Year of Publication


Degree Name

Master of Science (MS)

Document Type

Master's Thesis


Agriculture, Food and Environment


Animal and Food Sciences

First Advisor

Dr. Kristine Urschel


The amino acid requirements of growing horses are currently unknown, and studies suggest that threonine is a limiting amino acid in common horse diets. Thus, the objective of this study was to determine the threonine requirement of growing horses fed two different forage to concentrate ratios using the indicator amino acid oxidation method. The study consisted of a high concentrate phase (HC; 60% concentrate and 40% forage) and a high forage phase (HF; 25% concentrate and 75% forage). Within each phase, 6 female yearling Thoroughbred horses were randomly assigned each of 6 dietary treatments in a 6 x 6 Latin square design. All 6 treatments were identical, apart from varying equimolar ratios of threonine to glutamate. After 6 days of adaptation, blood samples were collected before and after the morning meal for plasma urea nitrogen (PUN) and amino acid analysis. On day 7, horses underwent the IAAO protocol, during which regular breath and blood samples were collected. Phenylalanine flux, oxidation, non-oxidative disposal, and release from body protein, as well as total carbon dioxide production were calculated using plateau enrichment of samples. There was a significant linear effect of threonine intake on plasma threonine concentrations, and PUN had a significant linear response during the HC phase. There was no significant effect of treatment on phenylalanine oxidation during either phase (P ≥ 0.05). It is unlikely that threonine was limiting in the experimental diets.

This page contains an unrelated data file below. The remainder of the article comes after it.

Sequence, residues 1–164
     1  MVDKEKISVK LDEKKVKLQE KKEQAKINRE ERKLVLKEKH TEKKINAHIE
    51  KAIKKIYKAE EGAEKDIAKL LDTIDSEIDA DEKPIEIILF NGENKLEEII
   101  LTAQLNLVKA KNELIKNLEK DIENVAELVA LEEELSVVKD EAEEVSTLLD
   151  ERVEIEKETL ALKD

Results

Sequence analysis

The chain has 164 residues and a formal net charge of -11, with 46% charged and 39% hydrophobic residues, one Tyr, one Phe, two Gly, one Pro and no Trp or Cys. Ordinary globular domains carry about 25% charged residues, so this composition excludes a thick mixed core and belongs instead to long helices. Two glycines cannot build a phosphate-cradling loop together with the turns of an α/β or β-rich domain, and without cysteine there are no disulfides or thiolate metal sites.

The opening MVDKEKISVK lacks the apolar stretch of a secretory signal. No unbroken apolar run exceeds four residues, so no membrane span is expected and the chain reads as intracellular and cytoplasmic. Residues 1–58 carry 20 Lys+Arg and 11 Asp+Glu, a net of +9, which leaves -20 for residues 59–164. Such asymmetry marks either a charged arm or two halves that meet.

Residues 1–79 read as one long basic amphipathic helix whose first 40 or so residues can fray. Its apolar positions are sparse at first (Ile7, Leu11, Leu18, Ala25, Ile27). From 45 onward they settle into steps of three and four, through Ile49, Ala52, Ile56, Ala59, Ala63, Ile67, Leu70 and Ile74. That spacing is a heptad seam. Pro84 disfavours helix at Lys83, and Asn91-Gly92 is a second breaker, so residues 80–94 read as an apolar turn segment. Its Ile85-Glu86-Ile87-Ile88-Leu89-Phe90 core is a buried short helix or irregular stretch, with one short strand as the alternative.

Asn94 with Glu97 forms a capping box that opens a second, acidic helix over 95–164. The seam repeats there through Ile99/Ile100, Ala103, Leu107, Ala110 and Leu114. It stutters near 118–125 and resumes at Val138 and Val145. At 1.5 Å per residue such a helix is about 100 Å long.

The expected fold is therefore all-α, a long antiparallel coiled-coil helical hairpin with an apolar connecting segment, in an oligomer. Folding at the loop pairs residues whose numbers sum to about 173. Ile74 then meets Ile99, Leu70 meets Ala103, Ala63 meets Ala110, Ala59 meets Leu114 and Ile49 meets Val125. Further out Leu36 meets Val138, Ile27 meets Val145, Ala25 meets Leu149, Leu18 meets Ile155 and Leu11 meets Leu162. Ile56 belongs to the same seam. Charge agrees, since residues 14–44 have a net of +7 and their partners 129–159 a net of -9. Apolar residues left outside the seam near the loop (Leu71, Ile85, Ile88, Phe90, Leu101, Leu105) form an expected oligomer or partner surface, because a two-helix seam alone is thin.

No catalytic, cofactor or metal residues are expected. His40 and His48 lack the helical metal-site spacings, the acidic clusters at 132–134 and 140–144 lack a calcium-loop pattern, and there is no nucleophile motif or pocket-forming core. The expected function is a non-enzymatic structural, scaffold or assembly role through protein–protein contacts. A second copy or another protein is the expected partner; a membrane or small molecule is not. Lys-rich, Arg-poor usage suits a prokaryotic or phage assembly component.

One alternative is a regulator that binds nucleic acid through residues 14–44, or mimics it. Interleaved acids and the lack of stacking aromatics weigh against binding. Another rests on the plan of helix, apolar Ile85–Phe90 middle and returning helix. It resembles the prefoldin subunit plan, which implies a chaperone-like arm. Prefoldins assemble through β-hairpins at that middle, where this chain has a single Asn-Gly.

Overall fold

Digital Object Identifier (DOI)